@mdalleau said in Your animations:
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Hey @StephenBeste, welcome to the world of Windy! Ivo and the team have really created something special here. So, as others have mentioned, the "historical" data you need doesn't go back especially far... And it sounds like you want to understand model performance for your specific location. There's a technique called Model Output Statistics (MOS) that deals with this. Although model verification is a whole science in itself, I've also been interested lately in the idea of creating something like that on a more basic level. Maybe I'll look into it again...
@Franzus-0, of course your post counts! Do bear in mind though, this is merely a discussion; I must reiterate that I don't work for Windy, and I'm not collecting "requests" as such! Congrats on the new vessel, and glad you found your way in the end :) As I understand it, that was one of Ivo's main motivations for Windy; that everyone could have access to the best data possible for free. I was blown away when I saw that they had the full 9km ECMWF fields on discovering Windy; I found myself asking around about Windy at the next ECMWF workshop I was at :) As to the historical data, you seem to be looking for something similar to @rfleming – essentially a type of analysis chart.
Some kind of MOS-based analysis charts that go back a few months, perhaps with some satellite and MADIS data mixed in.... this might have to be my next project :) Thank you so much all for your input. Please keep the discussion going if you have any other perspectives on historical data!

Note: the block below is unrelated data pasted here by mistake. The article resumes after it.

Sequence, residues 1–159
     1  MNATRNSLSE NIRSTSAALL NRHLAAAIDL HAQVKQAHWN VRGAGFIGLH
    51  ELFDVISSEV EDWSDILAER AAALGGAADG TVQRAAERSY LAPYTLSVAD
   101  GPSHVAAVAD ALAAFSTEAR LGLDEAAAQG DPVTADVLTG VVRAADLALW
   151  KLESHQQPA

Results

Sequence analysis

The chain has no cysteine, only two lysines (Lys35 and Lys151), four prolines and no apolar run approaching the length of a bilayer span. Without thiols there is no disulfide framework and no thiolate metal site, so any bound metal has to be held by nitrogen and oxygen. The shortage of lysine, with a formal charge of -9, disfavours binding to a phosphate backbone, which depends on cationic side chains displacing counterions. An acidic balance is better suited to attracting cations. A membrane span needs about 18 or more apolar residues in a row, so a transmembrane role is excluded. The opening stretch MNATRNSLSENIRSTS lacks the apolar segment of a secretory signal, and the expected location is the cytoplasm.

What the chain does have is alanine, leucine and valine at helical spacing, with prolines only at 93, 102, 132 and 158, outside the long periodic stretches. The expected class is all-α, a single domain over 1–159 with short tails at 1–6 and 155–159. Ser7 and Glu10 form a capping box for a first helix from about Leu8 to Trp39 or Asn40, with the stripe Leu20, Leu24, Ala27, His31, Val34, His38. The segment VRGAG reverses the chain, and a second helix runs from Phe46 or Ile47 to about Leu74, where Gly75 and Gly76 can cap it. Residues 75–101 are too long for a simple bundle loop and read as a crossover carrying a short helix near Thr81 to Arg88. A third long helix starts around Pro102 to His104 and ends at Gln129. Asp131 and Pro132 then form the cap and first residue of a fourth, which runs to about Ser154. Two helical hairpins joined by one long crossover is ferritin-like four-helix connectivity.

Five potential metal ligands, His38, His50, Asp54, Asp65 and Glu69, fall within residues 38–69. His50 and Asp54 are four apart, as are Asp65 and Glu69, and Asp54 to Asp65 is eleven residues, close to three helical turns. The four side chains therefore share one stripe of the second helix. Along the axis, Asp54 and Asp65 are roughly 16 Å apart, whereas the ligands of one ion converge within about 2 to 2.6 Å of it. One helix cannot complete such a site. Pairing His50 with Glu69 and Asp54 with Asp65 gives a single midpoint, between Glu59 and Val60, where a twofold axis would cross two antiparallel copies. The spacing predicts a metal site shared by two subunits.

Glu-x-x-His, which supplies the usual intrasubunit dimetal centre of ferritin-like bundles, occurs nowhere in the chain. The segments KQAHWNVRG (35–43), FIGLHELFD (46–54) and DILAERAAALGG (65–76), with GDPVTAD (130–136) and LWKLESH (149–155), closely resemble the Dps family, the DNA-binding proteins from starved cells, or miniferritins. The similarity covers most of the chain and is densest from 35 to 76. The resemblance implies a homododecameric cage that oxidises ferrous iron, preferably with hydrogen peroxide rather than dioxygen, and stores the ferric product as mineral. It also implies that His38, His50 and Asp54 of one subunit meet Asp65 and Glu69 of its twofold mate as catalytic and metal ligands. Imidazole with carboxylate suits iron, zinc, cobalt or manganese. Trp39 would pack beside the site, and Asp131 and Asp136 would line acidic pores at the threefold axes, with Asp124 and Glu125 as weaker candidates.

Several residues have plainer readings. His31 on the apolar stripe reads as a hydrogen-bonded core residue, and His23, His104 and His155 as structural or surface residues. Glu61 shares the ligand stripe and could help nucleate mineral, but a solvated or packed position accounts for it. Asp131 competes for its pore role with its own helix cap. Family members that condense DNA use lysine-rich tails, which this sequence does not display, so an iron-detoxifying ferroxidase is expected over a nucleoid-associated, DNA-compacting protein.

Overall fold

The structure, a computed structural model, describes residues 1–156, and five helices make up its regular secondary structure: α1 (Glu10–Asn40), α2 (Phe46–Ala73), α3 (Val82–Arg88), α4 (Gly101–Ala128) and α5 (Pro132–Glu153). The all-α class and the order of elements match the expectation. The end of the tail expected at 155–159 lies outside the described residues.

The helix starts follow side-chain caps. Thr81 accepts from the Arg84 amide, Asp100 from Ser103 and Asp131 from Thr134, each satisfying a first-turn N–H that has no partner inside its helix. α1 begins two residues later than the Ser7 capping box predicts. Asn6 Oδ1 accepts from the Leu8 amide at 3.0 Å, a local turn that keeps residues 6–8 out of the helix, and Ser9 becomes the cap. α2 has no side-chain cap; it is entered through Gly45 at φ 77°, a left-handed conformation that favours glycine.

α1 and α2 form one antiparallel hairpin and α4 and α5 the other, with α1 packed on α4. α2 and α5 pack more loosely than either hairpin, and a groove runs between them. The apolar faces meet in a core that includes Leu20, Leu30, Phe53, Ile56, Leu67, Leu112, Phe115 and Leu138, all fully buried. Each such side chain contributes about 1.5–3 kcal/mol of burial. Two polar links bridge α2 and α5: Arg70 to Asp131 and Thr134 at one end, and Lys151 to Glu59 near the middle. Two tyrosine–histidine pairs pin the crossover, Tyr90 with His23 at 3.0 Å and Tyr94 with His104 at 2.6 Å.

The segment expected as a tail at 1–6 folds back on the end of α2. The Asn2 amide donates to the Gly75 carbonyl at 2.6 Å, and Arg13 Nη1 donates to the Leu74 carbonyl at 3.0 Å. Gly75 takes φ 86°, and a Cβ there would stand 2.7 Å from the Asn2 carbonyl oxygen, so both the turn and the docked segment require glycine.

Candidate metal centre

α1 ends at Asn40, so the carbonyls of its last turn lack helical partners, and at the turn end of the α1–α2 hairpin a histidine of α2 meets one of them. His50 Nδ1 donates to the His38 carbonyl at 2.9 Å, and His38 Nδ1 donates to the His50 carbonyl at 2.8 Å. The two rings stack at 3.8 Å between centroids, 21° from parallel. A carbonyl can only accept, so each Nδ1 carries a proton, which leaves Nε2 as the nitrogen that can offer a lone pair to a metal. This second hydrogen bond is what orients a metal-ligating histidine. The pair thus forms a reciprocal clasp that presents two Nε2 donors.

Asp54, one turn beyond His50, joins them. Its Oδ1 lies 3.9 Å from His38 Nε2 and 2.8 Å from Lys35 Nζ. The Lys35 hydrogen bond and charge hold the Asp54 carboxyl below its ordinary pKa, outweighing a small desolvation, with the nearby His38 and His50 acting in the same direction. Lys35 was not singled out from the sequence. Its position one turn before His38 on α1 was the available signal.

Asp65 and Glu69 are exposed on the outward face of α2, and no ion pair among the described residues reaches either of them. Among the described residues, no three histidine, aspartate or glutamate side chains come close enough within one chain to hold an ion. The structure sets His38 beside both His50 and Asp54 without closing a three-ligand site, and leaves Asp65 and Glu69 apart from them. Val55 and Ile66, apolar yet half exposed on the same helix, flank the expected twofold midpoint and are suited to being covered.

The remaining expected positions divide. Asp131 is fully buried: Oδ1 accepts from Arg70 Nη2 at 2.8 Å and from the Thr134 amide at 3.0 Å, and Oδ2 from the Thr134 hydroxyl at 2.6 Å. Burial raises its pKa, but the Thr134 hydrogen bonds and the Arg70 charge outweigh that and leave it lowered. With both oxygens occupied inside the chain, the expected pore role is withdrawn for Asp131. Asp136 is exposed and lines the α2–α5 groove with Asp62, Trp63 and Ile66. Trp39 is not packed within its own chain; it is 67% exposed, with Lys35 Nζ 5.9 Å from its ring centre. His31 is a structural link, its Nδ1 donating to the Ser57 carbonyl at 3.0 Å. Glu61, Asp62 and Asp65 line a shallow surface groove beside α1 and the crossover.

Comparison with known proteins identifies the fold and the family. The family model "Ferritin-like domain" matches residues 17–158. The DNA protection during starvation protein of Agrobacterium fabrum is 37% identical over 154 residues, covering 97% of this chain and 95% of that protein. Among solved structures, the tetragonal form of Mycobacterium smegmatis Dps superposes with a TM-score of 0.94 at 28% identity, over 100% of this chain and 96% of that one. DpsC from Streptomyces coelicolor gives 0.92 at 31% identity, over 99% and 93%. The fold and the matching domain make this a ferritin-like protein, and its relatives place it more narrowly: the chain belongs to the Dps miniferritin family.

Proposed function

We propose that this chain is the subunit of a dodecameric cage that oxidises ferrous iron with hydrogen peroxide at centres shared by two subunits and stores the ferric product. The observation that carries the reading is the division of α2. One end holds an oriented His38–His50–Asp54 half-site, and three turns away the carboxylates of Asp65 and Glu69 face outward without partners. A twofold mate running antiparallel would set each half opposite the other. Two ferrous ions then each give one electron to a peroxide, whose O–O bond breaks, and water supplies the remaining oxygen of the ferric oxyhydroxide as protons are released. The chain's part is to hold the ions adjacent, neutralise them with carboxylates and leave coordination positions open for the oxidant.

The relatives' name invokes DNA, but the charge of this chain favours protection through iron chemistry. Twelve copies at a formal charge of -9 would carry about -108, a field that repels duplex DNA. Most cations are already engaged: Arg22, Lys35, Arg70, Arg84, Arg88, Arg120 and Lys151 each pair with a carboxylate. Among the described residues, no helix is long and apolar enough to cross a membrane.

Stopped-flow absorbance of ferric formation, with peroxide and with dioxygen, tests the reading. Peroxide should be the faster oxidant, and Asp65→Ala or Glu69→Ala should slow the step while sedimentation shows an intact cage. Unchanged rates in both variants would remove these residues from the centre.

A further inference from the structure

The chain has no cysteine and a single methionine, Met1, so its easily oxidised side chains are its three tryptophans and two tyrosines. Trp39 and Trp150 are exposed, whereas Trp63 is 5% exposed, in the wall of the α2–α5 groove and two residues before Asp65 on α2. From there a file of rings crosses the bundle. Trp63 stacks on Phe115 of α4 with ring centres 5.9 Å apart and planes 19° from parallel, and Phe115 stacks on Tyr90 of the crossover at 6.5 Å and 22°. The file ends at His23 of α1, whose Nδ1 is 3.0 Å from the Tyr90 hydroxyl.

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@TomSlavkovsky please check and reply :)
I've constructed two new Copernicus pollution forecasting replacement overlays:
Air quality NO2 [no2] - The standard version of the air quality overlay has some typical problems (which seem to affect most standard windy pollution overlays) namely that it's strongly non-linear and the representation is highly distorted in that it dramatically over emphasizes the very low-levels of pollution, whilst limiting or cutting-off the visual detail with respect to the highest levels of pollution. It's a strange way to construct an overlay as it will implicitly strongly bias the forecast information, which will lead to incorrect perception of the forecast hazard level. To rectify this I've made completely linear the display below 10µg/m³. The rest of the replacement overlay is not equally linear to this, but this is done to cut down on the complexity of the resulting overlay setting (and due to some other implicit range limitations within this overlay). It now shows things in their correct proportions with a minimum of visual distortion. So although this new overlay appears to show less emphasis it is in fact showing the forecast pollution levels in the linearly correct relative proportions, both at the low-end level whilst also making clear where serious pollution problem-areas are actually located. The standard Windy overlay looks positively 'bloated' in comparison simply because it's showing the forecast information strongly out of the correct relative proportions and thus will distort a casual user's perception of where the real air-quality hazards exist.
This new Air Quality setting is available here:
Example of Air Quality overlay:
The very unhealthy air-quality in the heart of China is simply disgusting.
The other new overlay is ...
Aerosol [aod550] - This overlay was much more straight forward as the standard version had fewer problems with it. I've ensured a low visual distortion exists within a linear overlay depiction below 1AOD (it's still linear above 1AOD, but with a different linear increment to reduce the complexity of the shading). Plus I've changed the colors and increments to better display were the real problem areas are located and their relative proportions and detail.
The new Aerosol setting is here:
Examples of Aerosol
In summary, both of these new overlays are easier to read or assimilate at a glance to develop a correct sense of the pollution proportions and their relative hazard level.
I'm still developing a PM2.5 replacement overlay which will be much more complicated due to the range scale of the information within it.